Tip: Don’t file a claim for a minor accident when the cost to repair your vehicle is only a couple of hundred dollars. Picking up the cost yourself will more than offset the rise in your insurance rates that occurs when you file a claim.

  • Collision coverage takes care of the cost of repairing your car if you’re in an accident, regardless of who’s at fault; comprehensive pays if your car is stolen or damaged by fire, flood, hail or wind. If your car isn’t worth much, why pay a premium for repairs on a vehicle you’ll probably replace if it’s badly damaged? Collision damage for an older car can cost more than the car is worth.

    If your car is worth a few thousand dollars it may not be cost effective to pay for this coverage.

    Tip: The rule of thumb–from the Consumer Federation of American group: Drop collision if your premium is equal to 10 percent or more of the value of your car. But remember that you generally can’t drop collision until your auto loan is paid off.

    Tip: Check the value of your old car in the “National Automobile Dealers Association Official Used Car Guide,” known as “The Blue Book.” Auto dealers, banks and libraries have copies.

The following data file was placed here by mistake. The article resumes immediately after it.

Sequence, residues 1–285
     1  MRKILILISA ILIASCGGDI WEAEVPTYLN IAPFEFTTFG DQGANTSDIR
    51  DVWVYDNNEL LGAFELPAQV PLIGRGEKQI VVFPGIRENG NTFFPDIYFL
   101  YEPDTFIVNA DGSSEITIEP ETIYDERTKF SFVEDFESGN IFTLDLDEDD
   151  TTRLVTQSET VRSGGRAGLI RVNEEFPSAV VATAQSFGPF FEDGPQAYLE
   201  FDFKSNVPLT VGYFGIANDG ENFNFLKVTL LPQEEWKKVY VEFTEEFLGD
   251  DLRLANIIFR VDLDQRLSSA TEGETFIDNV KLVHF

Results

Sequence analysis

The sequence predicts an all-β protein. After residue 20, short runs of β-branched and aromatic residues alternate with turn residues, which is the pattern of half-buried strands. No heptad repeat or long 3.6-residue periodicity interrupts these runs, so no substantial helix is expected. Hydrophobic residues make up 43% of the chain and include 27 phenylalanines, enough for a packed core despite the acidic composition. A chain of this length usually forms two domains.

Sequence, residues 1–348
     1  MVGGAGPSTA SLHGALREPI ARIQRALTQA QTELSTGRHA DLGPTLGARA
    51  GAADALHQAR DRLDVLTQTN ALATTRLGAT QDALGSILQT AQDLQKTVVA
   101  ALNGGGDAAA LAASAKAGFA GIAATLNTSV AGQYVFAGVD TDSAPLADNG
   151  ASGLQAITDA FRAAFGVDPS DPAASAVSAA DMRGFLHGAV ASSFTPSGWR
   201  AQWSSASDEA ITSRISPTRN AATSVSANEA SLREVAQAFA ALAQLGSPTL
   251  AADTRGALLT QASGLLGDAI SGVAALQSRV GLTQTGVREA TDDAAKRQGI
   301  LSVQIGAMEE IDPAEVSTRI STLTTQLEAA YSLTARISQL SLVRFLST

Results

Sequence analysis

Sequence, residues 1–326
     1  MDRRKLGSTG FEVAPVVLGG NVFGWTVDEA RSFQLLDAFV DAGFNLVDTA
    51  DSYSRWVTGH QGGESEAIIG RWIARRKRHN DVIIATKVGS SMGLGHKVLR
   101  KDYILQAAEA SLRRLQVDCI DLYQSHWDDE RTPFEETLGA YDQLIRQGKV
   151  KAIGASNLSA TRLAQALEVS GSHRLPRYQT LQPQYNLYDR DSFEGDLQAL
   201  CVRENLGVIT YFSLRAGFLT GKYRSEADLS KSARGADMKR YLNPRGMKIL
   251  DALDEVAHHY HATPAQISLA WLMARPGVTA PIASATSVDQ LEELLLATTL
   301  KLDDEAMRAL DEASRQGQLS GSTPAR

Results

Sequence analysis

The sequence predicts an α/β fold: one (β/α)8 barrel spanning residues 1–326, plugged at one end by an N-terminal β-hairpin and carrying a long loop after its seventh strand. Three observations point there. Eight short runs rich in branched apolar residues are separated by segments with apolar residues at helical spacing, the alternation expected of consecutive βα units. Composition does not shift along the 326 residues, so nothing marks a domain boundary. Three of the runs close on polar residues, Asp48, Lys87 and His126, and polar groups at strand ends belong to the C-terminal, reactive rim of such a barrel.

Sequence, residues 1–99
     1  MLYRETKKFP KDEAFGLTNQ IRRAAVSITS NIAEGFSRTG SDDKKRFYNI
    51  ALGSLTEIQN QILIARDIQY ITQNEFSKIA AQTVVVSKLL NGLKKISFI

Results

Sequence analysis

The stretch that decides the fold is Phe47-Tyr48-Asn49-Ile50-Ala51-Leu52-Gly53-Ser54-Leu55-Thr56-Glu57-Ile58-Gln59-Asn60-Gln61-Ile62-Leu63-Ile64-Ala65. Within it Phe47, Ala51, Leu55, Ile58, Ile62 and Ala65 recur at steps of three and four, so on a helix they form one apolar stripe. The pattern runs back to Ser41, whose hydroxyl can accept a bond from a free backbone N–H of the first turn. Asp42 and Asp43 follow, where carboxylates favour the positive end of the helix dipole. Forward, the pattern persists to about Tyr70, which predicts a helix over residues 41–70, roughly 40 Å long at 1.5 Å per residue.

• Before you buy a new or used car, check into insurance costs. Cars that are expensive to repair, or that are favorite targets for thieves, have much higher insurance costs.

    Not surprisingly, the more expensive the car, the more expensive the insurance. Cars that thieves love –Porsches, Jaguars, BMWs and sports models in general, are more costly to insure. The latest study shows that it costs three to four times as much to insure a Porsche as a Buick or a Ford.

    Tip: Call your insurance company or agent before buying a car and ask what the costs are for several different models.

    If you buy a used car, insurance will be significantly lower.

  • Costs tend to be lowest in rural communities and highest in cities.Additionally, rates vary within cities based upon the incidence of auto thefts and damage within particular areas. Very often zip codes or common streets are used to denote where rates change. If you are planning a move to a new city, call your agent to find out what car insurance costs in different neighborhoods or suburbs. While differences in cost will not likely sway your decision as to which house to rent or buy, doing this may give you an idea which areas you should consider or avoid.